POLK COUNTY — Astound Broadband is coming to Dallas and Monmouth.
The company will offer fiber service to commercial businesses and other enterprises that need a fast fiber connection, said Mark Peterson, company spokesman.
In Dallas, the city council approved the first reading of a franchise agreement Feb. 17 and declared it an emergency, which means that on the second reading, the agreement will take effect.
Normally, ordinances and other actions taken by the council would become effective 30 days after the second reading. City Manager Ron Foggin said this agreement was declared an emergency because Astound Broadband LLC had a utility easement agreement with the city that expired on Dec. 31.
The agreement will bring $5,566 per year in franchise fees.
“It’s taken this long to get the agreement in place,” he said. “Instead of letting anymore water run under the bridge, we wanted to get them current.”
The agreement is for the company’s fiber backbone, which runs through the city as part of cellular tower upgrades.
“Once they’ve got this backbone in place, they’re looking for anybody who is looking for better, faster or just more Internet,” Foggin said. “They have government pricing, so we’re (the city) going to be one of their customers for fiber.”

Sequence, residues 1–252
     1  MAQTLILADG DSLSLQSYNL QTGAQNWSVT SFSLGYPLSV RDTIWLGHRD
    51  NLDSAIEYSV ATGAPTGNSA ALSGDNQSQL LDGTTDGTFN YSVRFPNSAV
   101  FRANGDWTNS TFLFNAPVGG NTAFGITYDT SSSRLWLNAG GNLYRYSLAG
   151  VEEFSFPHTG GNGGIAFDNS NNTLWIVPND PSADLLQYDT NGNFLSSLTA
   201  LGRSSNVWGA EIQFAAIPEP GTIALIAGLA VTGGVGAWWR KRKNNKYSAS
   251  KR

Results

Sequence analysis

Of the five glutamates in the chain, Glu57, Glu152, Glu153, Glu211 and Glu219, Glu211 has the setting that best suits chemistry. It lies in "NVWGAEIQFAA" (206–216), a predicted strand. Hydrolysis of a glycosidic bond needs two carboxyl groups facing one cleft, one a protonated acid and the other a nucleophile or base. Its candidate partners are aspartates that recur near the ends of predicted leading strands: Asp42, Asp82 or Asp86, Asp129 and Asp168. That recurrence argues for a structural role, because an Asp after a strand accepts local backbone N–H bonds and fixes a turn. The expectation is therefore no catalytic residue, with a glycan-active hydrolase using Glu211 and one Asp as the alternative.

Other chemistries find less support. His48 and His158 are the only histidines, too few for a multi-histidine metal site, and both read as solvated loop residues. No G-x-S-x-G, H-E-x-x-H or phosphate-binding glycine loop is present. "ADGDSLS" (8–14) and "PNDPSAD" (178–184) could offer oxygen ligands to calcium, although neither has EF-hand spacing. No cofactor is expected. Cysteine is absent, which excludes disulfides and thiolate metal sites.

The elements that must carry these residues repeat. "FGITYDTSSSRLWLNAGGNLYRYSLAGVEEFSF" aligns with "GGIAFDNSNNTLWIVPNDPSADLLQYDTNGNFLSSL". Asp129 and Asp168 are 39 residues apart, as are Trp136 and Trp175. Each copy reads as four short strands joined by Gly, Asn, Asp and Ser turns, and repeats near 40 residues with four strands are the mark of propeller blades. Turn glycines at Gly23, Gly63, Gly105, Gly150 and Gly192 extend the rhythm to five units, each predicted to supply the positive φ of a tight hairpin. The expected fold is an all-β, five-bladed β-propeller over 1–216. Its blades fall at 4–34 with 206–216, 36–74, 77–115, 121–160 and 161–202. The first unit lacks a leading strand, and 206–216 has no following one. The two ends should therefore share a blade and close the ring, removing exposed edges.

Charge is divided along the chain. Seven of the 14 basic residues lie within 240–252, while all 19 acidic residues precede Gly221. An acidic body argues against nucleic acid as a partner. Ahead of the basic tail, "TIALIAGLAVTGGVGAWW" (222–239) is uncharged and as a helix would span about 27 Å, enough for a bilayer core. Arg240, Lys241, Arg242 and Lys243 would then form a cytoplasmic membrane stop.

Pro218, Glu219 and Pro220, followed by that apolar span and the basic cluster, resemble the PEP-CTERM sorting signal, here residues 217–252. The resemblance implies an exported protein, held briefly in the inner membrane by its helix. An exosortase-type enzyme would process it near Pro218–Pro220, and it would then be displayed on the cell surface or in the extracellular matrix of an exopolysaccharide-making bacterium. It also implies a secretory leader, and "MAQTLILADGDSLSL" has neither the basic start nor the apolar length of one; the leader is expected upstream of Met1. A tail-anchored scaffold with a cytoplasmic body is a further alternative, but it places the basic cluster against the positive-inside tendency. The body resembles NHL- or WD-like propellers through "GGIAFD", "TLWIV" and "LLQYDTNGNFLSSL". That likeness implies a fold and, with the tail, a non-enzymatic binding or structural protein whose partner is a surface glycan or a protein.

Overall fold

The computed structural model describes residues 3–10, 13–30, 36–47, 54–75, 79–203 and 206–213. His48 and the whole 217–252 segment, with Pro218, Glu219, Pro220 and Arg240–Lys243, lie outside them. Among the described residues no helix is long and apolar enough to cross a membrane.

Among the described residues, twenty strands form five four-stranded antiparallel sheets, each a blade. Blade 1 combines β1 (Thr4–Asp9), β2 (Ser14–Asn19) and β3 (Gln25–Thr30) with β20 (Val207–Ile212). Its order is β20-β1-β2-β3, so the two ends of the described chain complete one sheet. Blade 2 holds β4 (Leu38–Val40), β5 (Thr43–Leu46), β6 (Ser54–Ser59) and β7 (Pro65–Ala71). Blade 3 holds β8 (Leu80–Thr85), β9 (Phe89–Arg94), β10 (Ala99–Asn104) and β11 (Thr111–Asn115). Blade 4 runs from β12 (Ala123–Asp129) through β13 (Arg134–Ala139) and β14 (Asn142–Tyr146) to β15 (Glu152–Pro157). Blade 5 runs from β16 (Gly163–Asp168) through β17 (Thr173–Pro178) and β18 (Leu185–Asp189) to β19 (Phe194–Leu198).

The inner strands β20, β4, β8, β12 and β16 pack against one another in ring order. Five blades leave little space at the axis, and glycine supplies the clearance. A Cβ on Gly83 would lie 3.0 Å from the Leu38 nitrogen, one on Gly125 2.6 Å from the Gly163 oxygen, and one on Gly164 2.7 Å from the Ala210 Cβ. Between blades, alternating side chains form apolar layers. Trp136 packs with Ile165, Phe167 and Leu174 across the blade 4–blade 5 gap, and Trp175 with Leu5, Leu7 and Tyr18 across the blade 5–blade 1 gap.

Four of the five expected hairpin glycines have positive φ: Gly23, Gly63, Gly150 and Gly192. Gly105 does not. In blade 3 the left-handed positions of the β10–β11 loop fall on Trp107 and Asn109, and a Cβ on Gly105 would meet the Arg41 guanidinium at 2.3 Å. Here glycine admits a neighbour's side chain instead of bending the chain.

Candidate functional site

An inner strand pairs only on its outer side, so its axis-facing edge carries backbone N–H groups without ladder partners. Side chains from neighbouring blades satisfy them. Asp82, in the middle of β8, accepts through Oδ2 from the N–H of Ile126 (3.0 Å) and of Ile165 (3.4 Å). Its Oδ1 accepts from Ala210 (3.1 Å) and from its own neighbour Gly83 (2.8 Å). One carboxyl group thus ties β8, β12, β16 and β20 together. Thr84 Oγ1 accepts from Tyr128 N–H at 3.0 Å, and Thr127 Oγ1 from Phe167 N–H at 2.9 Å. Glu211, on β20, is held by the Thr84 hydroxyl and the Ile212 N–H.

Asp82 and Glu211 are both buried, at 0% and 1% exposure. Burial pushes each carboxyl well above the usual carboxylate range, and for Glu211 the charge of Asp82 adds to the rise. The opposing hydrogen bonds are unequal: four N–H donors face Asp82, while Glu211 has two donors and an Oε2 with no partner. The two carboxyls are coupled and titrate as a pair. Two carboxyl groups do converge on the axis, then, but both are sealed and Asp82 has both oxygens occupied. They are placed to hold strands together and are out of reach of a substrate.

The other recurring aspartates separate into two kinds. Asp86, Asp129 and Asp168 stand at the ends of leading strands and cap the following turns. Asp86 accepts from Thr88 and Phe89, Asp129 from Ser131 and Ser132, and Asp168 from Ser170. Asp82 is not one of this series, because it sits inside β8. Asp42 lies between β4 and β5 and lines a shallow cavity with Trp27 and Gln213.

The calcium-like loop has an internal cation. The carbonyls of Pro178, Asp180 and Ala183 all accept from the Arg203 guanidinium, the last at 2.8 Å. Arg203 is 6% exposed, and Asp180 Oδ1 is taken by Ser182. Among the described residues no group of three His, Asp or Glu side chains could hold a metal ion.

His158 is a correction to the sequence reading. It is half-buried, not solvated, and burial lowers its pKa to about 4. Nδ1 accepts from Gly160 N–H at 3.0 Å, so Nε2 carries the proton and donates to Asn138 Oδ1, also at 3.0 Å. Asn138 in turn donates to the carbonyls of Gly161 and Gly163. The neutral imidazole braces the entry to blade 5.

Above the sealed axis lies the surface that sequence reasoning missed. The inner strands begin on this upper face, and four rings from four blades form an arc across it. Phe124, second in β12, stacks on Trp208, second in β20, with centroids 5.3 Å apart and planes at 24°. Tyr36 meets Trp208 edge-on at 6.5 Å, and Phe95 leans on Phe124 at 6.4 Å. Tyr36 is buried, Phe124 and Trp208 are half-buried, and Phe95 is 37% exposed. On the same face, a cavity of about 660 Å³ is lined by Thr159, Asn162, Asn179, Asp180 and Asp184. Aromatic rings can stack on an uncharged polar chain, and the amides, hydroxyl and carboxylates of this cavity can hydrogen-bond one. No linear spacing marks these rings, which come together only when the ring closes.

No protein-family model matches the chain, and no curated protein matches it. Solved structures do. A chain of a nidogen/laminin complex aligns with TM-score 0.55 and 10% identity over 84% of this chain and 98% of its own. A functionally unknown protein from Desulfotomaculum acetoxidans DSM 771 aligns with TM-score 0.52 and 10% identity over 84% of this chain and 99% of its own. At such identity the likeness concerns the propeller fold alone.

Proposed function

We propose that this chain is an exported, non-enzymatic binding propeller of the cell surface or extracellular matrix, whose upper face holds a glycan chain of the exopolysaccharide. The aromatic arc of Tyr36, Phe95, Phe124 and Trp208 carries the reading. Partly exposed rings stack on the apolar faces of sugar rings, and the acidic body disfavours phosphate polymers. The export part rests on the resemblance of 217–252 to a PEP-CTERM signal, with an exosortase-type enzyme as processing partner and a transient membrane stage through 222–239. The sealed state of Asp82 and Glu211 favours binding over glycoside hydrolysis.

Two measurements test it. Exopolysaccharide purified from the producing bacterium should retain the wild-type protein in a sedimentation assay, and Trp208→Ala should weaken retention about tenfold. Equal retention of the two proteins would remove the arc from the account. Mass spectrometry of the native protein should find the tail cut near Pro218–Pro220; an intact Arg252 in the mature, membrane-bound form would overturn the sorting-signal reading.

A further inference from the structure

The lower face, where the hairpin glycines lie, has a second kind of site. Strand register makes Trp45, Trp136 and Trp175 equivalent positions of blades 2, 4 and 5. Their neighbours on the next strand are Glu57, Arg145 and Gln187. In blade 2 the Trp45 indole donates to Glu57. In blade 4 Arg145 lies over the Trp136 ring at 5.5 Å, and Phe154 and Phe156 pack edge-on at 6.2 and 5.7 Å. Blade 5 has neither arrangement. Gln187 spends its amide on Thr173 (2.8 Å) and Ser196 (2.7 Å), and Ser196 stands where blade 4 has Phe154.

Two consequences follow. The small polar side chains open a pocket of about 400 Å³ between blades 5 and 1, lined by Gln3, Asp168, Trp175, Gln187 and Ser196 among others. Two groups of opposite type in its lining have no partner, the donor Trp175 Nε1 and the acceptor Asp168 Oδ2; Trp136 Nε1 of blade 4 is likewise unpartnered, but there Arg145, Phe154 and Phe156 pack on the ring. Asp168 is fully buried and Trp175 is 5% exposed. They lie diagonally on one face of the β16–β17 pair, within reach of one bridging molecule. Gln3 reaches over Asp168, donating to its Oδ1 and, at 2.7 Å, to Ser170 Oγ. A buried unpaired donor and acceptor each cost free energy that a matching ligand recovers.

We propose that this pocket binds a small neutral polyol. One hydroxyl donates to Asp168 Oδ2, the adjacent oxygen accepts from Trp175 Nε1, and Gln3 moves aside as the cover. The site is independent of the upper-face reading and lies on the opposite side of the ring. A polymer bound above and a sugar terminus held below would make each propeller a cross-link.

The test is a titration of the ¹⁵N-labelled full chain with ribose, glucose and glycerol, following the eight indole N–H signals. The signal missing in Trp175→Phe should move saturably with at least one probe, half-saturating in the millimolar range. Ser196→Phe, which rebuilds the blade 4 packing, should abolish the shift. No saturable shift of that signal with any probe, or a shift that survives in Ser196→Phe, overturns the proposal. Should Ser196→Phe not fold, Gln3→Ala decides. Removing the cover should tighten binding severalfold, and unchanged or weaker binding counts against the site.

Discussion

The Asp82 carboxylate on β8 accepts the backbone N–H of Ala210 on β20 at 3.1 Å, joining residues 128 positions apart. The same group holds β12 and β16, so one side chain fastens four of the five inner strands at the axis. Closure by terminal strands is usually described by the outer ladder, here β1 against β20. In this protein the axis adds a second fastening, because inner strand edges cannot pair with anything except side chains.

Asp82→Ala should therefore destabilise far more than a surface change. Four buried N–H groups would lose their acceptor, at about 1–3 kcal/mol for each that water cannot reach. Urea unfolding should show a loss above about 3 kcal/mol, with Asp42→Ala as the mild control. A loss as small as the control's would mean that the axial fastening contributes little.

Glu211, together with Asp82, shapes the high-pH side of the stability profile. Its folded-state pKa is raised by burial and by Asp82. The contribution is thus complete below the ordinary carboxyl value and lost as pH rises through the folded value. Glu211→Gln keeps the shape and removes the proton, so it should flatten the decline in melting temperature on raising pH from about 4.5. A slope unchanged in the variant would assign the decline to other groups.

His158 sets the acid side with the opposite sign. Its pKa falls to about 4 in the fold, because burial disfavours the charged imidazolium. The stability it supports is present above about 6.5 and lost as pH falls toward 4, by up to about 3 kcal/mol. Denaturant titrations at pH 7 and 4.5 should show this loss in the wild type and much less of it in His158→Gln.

Foggin said the service will provide the city with a redundant connection, so if one system goes down, another will pick it up. It also will provide faster access to the Internet.
In Monmouth, the city council approved a first reading of a franchise agreement with Astound on Feb. 17, but no emergency clause was attached.
Monmouth’s agreement with the company stipulates a rental fee of $5,000 a year, City Manager Scott McClure said.
“If they started serving our customers more directly and getting revenue, then we’ll use a (standard) franchise fee,” McClure said.
But charging a standard percent franchise fee is tricky with a company such as Astound, McClure said, because the basis of the service is wireless.
“You can only have a franchise fee on phone service and cable TV service,” he said. “We don’t get revenue from wireless services, such as Direct TV or Dish TV.”
Astound will be competing with any company that provides Internet services in Dallas and Monmouth, Peterson said.
“We are uniquely positioned as the fastest growing local fiber provider that actually owns our infrastructure,” he said, noting that Astound will be collaborating with Monmouth-Independence Networks (MINET) to maximize the ability to serve customers in the community.